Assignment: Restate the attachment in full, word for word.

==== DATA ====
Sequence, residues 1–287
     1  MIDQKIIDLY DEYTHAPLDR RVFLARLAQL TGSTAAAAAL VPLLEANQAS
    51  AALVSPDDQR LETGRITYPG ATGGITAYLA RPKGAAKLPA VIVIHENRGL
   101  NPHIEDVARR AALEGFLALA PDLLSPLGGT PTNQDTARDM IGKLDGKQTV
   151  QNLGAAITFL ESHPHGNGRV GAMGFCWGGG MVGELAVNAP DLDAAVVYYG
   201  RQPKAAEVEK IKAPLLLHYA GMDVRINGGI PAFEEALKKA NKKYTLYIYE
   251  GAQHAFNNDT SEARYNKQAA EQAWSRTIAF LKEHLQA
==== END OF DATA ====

Sequence, residues 1–287
     1  MIDQKIIDLY DEYTHAPLDR RVFLARLAQL TGSTAAAAAL VPLLEANQAS
    51  AALVSPDDQR LETGRITYPG ATGGITAYLA RPKGAAKLPA VIVIHENRGL
   101  NPHIEDVARR AALEGFLALA PDLLSPLGGT PTNQDTARDM IGKLDGKQTV
   151  QNLGAAITFL ESHPHGNGRV GAMGFCWGGG MVGELAVNAP DLDAAVVYYG
   201  RQPKAAEVEK IKAPLLLHYA GMDVRINGGI PAFEEALKKA NKKYTLYIYE
   251  GAQHAFNNDT SEARYNKQAA EQAWSRTIAF LKEHLQA